As the final horse of the afternoon strode into the ring, it appeared that things would wrap up swiftly and with little fanfare. Think again. Cataloged as Hip 523, Informed Patriot (Hard Spun) certainly looked the part, however, it was likely his recent form that pushed it over the edge. With the day's action churning along at a steady pace throughout the afternoon, it was clear that something was about to happen when the 3-year-old strode into the arena.

In a moment, the bidding rose at an accelerated rate, with no less than four bidders in the melee, including three Saudi Arabian groups and the price surpassed the $1-million mark in a flash. When the dust had settled, however, it was Ibrahim Rachid, the bloodstock agent representing HRH Prince Saud bin Salman Abdulaziz, who won the day, slamming the door on the others with a $1.55 million final bid. The sale represented a record figure at the July Sale.

“I had told [Prince Saud] that the reserve would be around $500,000 and he asked that I get him on the phone when [the bidding] gets into that range,” explained Rachid. “He was on the phone with me the whole time. I can't bid over that amount without his permission. But he kept telling me to go. He said to go for it, don't stop at all. The Prince had been waiting for him and he got him. I looked at 20 horses and this was the only one we wanted.”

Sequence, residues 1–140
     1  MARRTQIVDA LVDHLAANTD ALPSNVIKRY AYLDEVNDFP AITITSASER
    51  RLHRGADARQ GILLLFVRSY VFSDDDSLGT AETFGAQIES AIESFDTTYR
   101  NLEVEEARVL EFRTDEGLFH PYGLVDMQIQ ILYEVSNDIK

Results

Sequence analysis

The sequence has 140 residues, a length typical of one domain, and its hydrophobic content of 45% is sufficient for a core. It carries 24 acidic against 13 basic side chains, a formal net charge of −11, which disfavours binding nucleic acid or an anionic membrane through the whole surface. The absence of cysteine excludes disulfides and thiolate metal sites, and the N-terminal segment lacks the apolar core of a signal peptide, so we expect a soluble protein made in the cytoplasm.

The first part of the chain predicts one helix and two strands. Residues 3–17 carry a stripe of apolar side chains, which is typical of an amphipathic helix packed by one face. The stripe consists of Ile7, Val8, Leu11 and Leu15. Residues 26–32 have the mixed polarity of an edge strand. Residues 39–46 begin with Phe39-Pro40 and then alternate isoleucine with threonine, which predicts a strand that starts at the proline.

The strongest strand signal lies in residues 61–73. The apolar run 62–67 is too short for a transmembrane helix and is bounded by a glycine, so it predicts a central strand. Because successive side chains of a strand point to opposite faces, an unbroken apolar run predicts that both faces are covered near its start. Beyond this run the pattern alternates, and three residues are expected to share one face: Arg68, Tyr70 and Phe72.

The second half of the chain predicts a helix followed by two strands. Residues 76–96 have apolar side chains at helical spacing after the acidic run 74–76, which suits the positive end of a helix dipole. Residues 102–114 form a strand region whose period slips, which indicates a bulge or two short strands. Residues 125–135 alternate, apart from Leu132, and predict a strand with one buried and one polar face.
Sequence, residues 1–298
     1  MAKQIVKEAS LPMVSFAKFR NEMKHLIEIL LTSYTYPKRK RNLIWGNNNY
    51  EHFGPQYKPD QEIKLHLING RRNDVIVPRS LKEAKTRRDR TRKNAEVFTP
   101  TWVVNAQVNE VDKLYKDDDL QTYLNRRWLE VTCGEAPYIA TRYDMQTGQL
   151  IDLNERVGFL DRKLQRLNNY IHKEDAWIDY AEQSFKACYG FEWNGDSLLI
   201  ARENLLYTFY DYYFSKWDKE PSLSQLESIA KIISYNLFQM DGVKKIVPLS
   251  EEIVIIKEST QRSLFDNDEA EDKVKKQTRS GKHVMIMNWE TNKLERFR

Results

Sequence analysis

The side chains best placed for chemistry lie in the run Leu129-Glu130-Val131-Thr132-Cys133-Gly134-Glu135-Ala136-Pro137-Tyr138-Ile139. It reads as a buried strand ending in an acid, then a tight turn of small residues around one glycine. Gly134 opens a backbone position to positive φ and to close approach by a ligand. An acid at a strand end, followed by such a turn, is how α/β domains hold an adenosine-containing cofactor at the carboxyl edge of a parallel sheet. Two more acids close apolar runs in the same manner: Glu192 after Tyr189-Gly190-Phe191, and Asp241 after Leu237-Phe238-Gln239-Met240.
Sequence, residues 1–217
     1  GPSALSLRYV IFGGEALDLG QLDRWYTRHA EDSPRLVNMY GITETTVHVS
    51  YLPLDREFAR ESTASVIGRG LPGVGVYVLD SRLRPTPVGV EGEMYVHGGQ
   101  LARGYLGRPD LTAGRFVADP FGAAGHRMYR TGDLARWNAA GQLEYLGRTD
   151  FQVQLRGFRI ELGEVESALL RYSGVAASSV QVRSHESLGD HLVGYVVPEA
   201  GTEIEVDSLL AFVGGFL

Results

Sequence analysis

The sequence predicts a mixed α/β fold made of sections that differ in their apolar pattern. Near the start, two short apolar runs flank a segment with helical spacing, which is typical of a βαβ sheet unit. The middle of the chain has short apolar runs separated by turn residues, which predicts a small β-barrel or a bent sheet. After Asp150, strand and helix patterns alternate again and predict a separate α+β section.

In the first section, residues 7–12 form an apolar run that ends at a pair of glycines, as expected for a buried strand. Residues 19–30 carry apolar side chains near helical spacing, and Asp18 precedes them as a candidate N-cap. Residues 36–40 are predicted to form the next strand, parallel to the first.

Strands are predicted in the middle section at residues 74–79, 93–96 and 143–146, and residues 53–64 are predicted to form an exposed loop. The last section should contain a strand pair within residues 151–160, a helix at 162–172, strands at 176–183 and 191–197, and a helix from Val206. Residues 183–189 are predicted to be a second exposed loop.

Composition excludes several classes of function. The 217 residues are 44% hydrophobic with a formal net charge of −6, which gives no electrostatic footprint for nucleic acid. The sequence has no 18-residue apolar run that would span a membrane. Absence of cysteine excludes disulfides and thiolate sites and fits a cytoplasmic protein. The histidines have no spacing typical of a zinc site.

Ibrahim Rachid | Fasig-Tipton

Campaigned by J. Kirk and Judy Robison, the $90,000 Keeneland September yearling purchase won the Bathhouse Row Stakes earlier this spring and just this past Saturday, the Steve Asmussen trainee showed speed before finishing third in the 1 1/16-mile GIII Indiana Derby at Horsehoe Indianapolis. Winner of two of 10 starts to date, the Gainesway Thoroughbreds and Whisper Hill Farm-bred colt has earned just under $350,000 to date.